Australia v Pakistan, 1st Test, Perth, 4th day

Shameful and cruel exposure

Osman Samiuddin

December 19, 2004

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Pakistan were bowled out for 72 in their second innings against Australia on the fourth day at Perth. It was their fourth lowest total in Tests.



Inzamam-ul-Haq trudges back after a first-ball duck in Pakistan's second innings © Getty Images
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There is no place quite like Australia to confirm fears and to cruelly expose debilitating weaknesses. Before they left for Australia, there were doubts over Pakistan's batting and today, all those predictions materialized in the starkest manner. For Australia and Glenn McGrath, well-versed in exposing the paucity of Pakistan's batting resources throughout the '90s, Perth was little more than a stroll in the park.

This latest capitulation - Justin Langer alone outscored them in both innings - was the fourth time in the last 13 Tests between the two sides that Pakistan had been dismissed for under 100. They have passed 300 only three times in that period.

A little perspective is needed first; this Australian attack is among the best the game. Their performance against India's heavyweights, in India, and their demolition of New Zealand has confirmed that. Pakistan's batting line-up is among the weakest in recent memory, and with Inzamam-ul-Haq possibly the only batsman any other team would consider having, it is a gross mismatch, not just on paper, but in reality. But to succumb so meekly, so chaotically, to inflict so willingly so many wounds upon your own person, without so much as a whimper? That needs no perspective.

There is no need to mince words - Pakistan's batting was shameful. Bob Woolmer spoke to each player individually after the first innings. He might have forgiven Salman Butt because this is, after all, his second Test.

But what would he have said to Younis Khan, playing in his 30th Test? Does he need to explain to him that an ugly swipe from off-stump against Shane Warne, with his team at 108 for 4, is cricket that schoolboys would be ashamed of? What would he have said to Yousuf Youhana, playing in his 54th Test? That opening the face of your bat is not ideal in any environment, let alone at Perth? Or that his continuing failure to handle responsibility commensurate to his seniority, or his average, suggests that the phrase used most often to describe him - lazy elegance - is one word too long?

And what would his words to Abdul Razzaq, in his 31st Test, have been? That his hoick against Warne in the first innings was the 44th over of a Test match and not an ODI, and even then would not have been tolerated? Can they be taught such things at this stage in their careers?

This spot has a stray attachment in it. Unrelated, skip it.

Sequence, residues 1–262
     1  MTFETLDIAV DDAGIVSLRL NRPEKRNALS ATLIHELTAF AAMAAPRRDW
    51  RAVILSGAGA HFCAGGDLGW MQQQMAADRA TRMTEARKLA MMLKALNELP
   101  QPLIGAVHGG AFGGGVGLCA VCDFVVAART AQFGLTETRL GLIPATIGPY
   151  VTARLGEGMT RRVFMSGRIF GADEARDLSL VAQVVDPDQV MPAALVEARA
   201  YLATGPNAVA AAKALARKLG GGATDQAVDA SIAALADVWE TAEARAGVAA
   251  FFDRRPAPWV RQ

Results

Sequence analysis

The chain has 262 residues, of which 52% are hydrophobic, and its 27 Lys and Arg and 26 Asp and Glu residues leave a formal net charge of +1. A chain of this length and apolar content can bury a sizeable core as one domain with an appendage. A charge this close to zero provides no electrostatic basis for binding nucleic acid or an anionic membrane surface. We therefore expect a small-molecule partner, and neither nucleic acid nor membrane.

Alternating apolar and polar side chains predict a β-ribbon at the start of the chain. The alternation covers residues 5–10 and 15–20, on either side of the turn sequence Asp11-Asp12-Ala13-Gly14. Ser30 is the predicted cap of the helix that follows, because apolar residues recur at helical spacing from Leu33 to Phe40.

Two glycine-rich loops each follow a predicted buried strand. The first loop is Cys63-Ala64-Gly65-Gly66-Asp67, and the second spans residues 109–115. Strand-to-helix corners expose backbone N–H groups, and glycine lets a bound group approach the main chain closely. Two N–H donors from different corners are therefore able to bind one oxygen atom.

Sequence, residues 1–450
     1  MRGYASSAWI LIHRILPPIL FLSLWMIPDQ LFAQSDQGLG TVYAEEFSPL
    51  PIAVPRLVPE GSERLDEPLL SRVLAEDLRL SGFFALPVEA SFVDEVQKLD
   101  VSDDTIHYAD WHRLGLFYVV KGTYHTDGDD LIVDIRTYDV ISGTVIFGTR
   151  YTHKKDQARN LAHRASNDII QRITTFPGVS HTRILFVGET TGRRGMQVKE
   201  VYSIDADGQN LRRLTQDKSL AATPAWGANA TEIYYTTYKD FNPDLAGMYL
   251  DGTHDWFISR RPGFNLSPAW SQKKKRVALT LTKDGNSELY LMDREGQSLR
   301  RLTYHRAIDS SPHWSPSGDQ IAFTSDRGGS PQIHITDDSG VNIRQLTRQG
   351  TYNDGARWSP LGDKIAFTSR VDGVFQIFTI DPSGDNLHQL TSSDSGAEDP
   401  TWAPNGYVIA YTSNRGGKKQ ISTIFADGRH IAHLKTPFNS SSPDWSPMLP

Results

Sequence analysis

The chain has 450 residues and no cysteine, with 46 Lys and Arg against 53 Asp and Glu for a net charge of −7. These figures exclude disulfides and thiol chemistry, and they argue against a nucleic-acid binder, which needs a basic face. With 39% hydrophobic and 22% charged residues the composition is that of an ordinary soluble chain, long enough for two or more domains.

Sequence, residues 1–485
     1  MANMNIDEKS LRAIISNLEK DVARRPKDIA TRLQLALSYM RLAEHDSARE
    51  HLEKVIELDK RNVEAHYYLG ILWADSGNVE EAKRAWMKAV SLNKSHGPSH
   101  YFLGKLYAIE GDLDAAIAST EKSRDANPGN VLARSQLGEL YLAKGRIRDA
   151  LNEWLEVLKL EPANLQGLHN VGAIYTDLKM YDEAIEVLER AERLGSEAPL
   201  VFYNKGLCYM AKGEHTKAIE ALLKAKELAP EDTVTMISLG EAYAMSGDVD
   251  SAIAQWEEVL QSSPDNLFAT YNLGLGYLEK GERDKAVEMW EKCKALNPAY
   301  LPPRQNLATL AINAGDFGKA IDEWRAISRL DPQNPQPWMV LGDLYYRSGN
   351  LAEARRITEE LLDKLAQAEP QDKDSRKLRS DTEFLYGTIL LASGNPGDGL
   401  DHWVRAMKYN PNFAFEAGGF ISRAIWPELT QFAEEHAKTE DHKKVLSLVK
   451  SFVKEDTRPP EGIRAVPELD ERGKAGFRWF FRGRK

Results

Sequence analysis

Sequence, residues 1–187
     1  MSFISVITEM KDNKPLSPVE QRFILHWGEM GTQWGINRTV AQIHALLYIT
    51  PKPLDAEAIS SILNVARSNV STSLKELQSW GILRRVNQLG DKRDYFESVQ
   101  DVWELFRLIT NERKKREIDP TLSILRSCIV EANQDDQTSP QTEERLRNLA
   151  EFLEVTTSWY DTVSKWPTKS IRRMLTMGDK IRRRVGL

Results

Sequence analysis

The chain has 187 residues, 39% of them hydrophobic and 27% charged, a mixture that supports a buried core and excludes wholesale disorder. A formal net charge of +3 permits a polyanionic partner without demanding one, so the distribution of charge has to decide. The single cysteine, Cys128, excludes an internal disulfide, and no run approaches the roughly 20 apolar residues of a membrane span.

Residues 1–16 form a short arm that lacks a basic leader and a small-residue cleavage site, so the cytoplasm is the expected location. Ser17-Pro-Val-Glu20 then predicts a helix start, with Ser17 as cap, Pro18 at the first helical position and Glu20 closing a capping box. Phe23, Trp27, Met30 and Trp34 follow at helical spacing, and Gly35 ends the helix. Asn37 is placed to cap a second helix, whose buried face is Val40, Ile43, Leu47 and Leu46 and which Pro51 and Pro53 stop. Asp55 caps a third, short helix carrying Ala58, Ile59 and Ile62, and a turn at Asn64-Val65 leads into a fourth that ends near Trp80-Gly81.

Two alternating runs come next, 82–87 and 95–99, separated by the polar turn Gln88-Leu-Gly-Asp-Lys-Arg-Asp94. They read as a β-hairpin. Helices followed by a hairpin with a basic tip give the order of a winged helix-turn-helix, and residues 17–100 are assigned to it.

It was also, in a sense, inevitable. The worries were not restricted to this particular Pakistan line-up. Over the last ten years, Australian bowlers from Craig McDermott to Glenn McGrath have thrived on a formula of repetition against them - pitch the ball within a foot of off-stump and just short of a length and wait, not too long, to reap cheap rewards. And sometimes, if you do nothing of the sort, you'll still be rewarded. Perth 2004/5 could've been Brisbane 1995/6, Rawalpindi 1998/9 or Sharjah 2002/3.

At least the problem had been recognized and acknowledged this time. They worked on leaving the ball during practices, but these weaknesses are embedded into players, they require a three-year degree, not a two-week crash course, to rectify.



Shoaib Akhtar's bowling was something to cheer about © Getty Images
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Although conceding 742 runs for the loss of 15 wickets doesn't exactly constitute anything positive, Pakistan must eke out hope - or morsels of it - from the performances of Shoaib Akhtar and Mohammad Sami, and to a lesser extent Danish Kaneria. When not teaching their teammates how to bat, Sami and Shoaib rocked Australia during the opening session of the Test, and the belief that they can do so again must remain now throughout Melbourne and Sydney. They didn't get carried away with the bounce and pace, instead opting for a fuller line and a degree of accuracy and Inzamam will hope a similar amount of intelligence is employed throughout the tour. Mohammad Khalil was impressive in parts given that it was his debut, but Shabbir Ahmed's boots - particularly on this tour - will be big ones to fill.

Pakistan was shambolic here, something Australians are now used to. Realistically, the results from here are unlikely to change, but the hope is that their spirit must. This team has shown an appetite for a fight after setbacks over the last year. On those occasions, Inzamam has led from the front and with the bat. He was as culpable as any in this match and his leadership - insipid and disheartened here - and the character of the team he is building faces its sternest test at Melbourne. There was talk before this tour of the need for senior players to lead the way, and for Pakistan to achieve anything from this tour - even a defeat with honour - that will have to be the case. On the evidence of Perth, it might not be advisable to hold your breath for that to happen.

Osman Samiuddin is a freelance journalist based in Karachi.

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Osman Samiuddin Osman spent the first half of his life pretending he discovered reverse swing with a tennis ball half-covered with electrical tape. The second half of his life was spent trying, and failing, to find spiritual fulfillment in the world of Pakistani advertising and marketing. The third half of his life will be devoted to convincing people that he did discover reverse swing. And occasionally writing about cricket. And learning mathematics.
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